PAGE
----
Command a king’s ship by Alexander Kent. A mission to south-east Asia and a battle with a skilled French foe, make this novel interesting, if not one of the strongest in this subgenre.
Total War : Rome
I’m playing a heap of Rome right now, and while playing, I’ve been listening to:
Empire of dragons by Valerio Manfredi. This is a fantastic book. Manfredi takes the old story about Li Jen, the colony of Romans in ancient China, and draws it out by having a second group of Romans follow a similar path into the east. It’s good, but it really should have been longer. The ending seems abrupt: the author could have put a second or third book into the narrative without any stretching at all.
The histories by Tacitus
Tacitus is just a fantastic author. He covers the Year of Four Emperors, a period where Rome was embroiled in a series of rolling civil wars. The armies of the empire discover you can make an emperor, and one by one the Spanish, Roman, German and Asian legions each have a tilt at it. Get into it, so you’ve read it by the two thousand-year anniversary of the death of Vespasian, which si coming along any time now.
The histories by Herodotus
The Father of History, laying down an entire academic discipline, with a topping of phoenixes and flying serpents. I really like how much Herodotus hates the Delphic oracle. Seriously, check out the sort of catty smackdowns he puts on the voice of god and her each-way-bet prophecies.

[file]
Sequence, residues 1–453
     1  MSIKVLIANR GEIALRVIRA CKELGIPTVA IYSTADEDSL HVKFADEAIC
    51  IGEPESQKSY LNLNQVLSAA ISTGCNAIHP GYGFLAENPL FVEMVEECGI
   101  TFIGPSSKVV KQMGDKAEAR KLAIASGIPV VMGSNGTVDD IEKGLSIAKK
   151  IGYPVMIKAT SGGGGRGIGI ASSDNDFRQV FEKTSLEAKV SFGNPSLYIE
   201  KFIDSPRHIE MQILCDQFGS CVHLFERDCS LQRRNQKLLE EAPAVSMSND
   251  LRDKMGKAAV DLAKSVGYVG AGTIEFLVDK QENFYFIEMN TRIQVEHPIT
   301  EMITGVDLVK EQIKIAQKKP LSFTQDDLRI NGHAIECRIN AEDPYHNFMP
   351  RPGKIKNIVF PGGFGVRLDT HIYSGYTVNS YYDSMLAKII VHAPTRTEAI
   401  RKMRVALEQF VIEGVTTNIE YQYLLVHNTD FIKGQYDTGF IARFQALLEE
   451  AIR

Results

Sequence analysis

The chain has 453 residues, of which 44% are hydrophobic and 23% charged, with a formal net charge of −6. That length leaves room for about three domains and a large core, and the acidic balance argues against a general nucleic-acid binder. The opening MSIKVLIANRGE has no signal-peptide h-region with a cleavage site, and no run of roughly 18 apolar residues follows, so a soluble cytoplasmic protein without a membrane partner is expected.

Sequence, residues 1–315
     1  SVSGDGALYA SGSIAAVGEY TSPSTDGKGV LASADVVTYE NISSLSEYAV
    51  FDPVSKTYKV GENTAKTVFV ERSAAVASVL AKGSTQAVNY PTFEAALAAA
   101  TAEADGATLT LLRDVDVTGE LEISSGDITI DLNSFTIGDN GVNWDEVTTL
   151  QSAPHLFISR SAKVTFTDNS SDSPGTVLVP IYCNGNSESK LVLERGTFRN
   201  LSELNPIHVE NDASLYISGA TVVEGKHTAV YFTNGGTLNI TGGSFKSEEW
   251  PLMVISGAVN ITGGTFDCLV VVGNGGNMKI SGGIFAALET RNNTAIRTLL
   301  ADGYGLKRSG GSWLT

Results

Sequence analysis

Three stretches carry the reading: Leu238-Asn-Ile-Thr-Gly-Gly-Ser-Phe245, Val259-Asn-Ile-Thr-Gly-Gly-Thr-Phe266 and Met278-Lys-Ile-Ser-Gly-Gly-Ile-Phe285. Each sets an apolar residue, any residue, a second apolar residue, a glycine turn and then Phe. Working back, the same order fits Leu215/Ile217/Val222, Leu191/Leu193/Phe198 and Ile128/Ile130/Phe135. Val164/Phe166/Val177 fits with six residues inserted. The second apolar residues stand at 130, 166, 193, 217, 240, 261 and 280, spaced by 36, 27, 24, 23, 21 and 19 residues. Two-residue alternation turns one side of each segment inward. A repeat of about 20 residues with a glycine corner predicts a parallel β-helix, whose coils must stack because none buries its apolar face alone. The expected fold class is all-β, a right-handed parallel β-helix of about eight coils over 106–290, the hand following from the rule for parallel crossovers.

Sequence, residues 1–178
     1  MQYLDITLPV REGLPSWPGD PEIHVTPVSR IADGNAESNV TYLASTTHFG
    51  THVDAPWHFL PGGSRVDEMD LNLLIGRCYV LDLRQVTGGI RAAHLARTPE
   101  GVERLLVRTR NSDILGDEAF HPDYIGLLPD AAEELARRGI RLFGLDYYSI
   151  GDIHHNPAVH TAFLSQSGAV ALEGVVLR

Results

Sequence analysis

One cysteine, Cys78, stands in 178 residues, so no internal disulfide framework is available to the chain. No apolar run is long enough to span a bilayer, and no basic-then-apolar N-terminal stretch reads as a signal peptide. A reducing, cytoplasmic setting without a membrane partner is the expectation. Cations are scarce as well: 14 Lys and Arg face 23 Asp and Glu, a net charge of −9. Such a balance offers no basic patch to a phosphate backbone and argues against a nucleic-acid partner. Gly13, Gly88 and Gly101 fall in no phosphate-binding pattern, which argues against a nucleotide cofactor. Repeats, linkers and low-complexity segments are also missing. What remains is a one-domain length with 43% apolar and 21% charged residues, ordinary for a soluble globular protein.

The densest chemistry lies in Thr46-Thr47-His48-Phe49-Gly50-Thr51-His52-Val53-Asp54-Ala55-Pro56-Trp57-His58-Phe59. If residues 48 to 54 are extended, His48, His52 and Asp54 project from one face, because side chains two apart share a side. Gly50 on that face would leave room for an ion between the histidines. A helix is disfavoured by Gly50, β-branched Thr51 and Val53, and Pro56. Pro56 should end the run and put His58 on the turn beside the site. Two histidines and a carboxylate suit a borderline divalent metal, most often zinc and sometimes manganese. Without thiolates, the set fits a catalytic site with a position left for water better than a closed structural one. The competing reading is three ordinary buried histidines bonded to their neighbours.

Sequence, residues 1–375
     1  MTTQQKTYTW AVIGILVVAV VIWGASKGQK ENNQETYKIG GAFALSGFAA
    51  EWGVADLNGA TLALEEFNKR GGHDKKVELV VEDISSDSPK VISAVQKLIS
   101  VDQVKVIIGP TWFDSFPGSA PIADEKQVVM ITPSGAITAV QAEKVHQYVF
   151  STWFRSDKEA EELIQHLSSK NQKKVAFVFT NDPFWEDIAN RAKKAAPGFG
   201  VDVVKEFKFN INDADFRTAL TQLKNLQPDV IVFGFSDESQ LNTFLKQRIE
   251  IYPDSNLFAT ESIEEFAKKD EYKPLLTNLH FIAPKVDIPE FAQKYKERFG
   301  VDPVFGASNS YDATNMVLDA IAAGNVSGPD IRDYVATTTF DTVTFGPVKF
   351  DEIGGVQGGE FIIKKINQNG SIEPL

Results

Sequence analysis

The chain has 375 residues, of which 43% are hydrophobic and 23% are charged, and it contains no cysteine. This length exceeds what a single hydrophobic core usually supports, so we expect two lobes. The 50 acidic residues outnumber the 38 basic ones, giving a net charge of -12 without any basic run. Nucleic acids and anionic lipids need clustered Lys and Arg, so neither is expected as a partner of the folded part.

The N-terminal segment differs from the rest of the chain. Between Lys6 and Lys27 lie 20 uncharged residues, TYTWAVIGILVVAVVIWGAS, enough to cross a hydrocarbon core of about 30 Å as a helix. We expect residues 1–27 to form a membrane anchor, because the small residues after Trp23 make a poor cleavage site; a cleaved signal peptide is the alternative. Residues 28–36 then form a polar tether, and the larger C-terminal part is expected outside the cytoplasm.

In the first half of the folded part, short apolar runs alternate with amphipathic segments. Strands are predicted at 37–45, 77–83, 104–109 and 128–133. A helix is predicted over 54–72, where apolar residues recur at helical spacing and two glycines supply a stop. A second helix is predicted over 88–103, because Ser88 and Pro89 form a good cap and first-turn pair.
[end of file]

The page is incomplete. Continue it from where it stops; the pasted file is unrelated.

Pretty much anything published by Baen Books that isn’t right wing diatribe. David Weber’s a favourite, John Ringo not so much, Tom Kratzman not at all. David Drake would be cool for the new version of Civ.
I can’t be the only person who does this…any other suggestions for good gaming and audiobook combos? Continue reading
I love audiobooks. I listen to a few hundred a year. I have to say, though, that Storm front is one of the best renditions I’ve heard.
I’m not saying it had the best plot, although its quite a good urban fantasy thriller. I mean that James Marsters (Spike from Buffy, Brainiac from Smallville, Captain John from Torchwood) performs the read of it fantastically well.
It’s not just that he does the voices. I personally prefer people don’t do the voices, because so few men can do women’s voices in a half convincing way. Baritone guys grabbed to do audiobooks because they have gravitas on the radio really shouldn’t do falsettos to try and sound like women. Oddly, the converse is not true: women with deep voices for radio seem to have little trouble doing men. So it’s not just that he can actually do passable women’s voices.
It’s that he gets the pronunciations right. And by “right” I don’t mean “clear” : I mean he stumbles when he should stumble, he swallows and pauses when he should pause, his breath control during lines is great and he uses it to suggest emotional tone.